Cruise Altitude, ft 40,000 45,000 CDf 0.0045
Lift Coefficient 0.2064 0.2091 CDf centerbody 0.0027
Angle of Attack, deg 2.7 2.7 CDf wing 0.0018
C.G., % centerbody chord 58.3 57.1 CD wave 0.0001
Static Margin, % / in 5.9 / 31 9.5 / 50 CD,engine nacelles 0.0004
Elevator Deflection, deg 0 0 Table 2. SAX-40 lift, moment and
Thrust Vector Angle, deg 0 10.5 up drag coefficients at beginning of
cruise.
ML/D 20.1 18.8

Table 1. SAX-40 geometric and aerodynamic


performance parameters.

0.16 2
0.14 Thickness
1
Wing Twist, degress

Wing Twist
Thickness / Chord

0.12
0
0.10
-1
0.08
-2
0.06
-3
0.04
0.02 -4

0.00 -5
0.0 0.2 0.4 0.6 0.8 1.0
Spanwise Coordinate, Eta

Figure 7: SAX-40 airfoil sections, planform shape, and distributions of twist and airfoil thickness.

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B. Weight and Balance
The aircraft weight buildup, presented in Table 3,
includes a design payload for 215 passengers at 240 lbs Component Weight, lbs
per passenger, 20 lbs per passenger heavier than
Maximum Take-Off Weight, MTOW 332,560
mandated by FAA AC120-27E.27 At 220 lbs/passenger
the aircraft could carry 236 passengers which has Operating Empty Weight, OEW 207,660
ramifications in terms of estimated fuel burn. More
details are given later in this section. Design Payload 51,600
One of the challenges inherent in scaling the SAX Fuel with reserves 73,310
and other all-lifting body airframe designs to shorter
range or smaller payload is the high empty weight Structure 104,870
fraction, OEW over MTOW. In the Breguet range Fixed Equipment 51,220
equation the empty weight fraction, along with ML/D
and specific fuel consumption, determine the aircraft Landing Gear 14,760
fuel burn. The SAX-40 weight fraction of 0.62 is
higher in comparison to conventional aircraft Propulsion 36,810
configurations. For example the Boeing 767-300
introduced in 1982, an aircraft with a similar mission Table 3. SAX-40 aircraft weight buildup.
to the SAX-40, has a weight fraction of 0.52.25

C. Internal Layout
The internal configuration of the
aircraft design is presented from three
views in Figure 8. The interior of the
SAX-40 cabin was not designed in
detail but the outer cabin shape was Spar
Deployable Fuel
used as a constraint in the planform Drooped Tank
and airfoil design optimization. More Leading Edge
specifically, the outer skin was
required to enclose the passenger cabin
and the spar box. The original cabin
dimensions were set by WingMOD
which then grew as the planform area Split Elevons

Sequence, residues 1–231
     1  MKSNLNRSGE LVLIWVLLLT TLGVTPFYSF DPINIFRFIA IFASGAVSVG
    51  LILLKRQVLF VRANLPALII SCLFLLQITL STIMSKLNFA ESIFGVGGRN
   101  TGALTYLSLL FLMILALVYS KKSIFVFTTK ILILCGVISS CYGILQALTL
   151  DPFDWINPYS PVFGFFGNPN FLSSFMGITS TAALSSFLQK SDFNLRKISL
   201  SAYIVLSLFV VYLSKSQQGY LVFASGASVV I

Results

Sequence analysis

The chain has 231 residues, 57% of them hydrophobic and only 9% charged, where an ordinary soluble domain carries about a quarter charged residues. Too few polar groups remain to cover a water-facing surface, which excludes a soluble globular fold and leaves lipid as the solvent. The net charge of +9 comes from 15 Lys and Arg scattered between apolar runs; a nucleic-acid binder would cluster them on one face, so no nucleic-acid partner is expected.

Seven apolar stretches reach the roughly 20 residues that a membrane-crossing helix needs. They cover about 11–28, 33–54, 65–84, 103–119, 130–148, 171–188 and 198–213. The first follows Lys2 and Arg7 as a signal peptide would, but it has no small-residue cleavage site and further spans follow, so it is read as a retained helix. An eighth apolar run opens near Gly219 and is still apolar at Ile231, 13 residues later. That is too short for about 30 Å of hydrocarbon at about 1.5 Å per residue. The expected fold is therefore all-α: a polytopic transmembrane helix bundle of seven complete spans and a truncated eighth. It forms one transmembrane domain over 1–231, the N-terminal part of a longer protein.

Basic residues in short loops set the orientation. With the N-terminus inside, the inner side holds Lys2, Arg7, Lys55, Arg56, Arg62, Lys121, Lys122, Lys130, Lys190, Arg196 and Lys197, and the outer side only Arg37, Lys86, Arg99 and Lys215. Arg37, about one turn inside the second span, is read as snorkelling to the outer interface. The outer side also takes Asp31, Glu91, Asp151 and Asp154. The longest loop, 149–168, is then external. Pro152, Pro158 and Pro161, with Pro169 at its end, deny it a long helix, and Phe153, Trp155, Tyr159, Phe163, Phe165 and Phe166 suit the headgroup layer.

Propulsion
increased by incorporating the Winglet Rudder System
aerodynamic shaping of the
centerbody leading edge. The SAX-40
cabin has 2,570 ft2 (239 m2) of floor
area. With 215 passengers, the cabin
Cabin
passenger density is 0.9 passengers/m2.
In comparison, the Boeing 767-300
and 767-400 have passenger densities Cargo Bay
of 1.4 passengers/m2 in a dual class
configuration.28 The SAX-40 cabin
could thus carry 335 passengers at this
density. The cabin was defined as a
box with a height of 6.6 ft, but as
shown in the side view of Figure 8,
there is much space between the cabin
top and aircraft skin such that the
cabin height could be increased up to
9.7 ft.
Figure 8. Internal layout illustrating cabin, cargo, fuel tanks,
spars propulsion system, and undercarriage.

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The SAX-40
cargo bay was set at Outer Wing Landing Configuration Outer Wing Cruise Configuration
39.4 x 16.4 x 4.6 ft
(volume of 2,970 ft3).
The fuel tank capacity
of 12,000 gal (80,000 ΔCp ΔCp
lb) is provided via
two inner wing tanks
close to the aircraft
center of gravity. Fuel
pumping is not
necessary to maintain
static stability. The
planform has
considerable empty
space in the wings
that can potentially be
used to carry
additional fuel for
increased range. This
additional fuel
however would lead
to a larger thrust
requirement on take-
off which in turn
would increase noise. Figure 9. Two-dimensional vortex lattice estimate of airframe loading
The faired, dual four- distribution during cruise and approach / landing.
wheel main gear
bogeys are stowed behind the cargo bay while the simple dual wheel nose gear retracts forward into the fuselage.
The embedded propulsion system is shown to scale in the figures and the engine fan faces are marked to indicate the
inlet duct length.

D. Pitch Trim and Static Stability


The outer wing profile configuration and loading distribution obtained from the two-dimensional vortex lattice
solution for approach and cruise conditions are shown in Figure 9. For reference, the centerbody profile is shown to
scale and the dot indicates the aircraft center of gravity. The supercritical airfoils on the outer wing are twisted 3.5°
outwash such that at beginning of cruise the outer wing loading is concentrated aft of the aircraft center of gravity.
This loading is naturally balanced by the lift generated in the forward region of the centerbody. As fuel is burned
from begin to end of cruise, the thrust angle is increased for pitch trim. A maximum thrust vectoring angle of 10.5°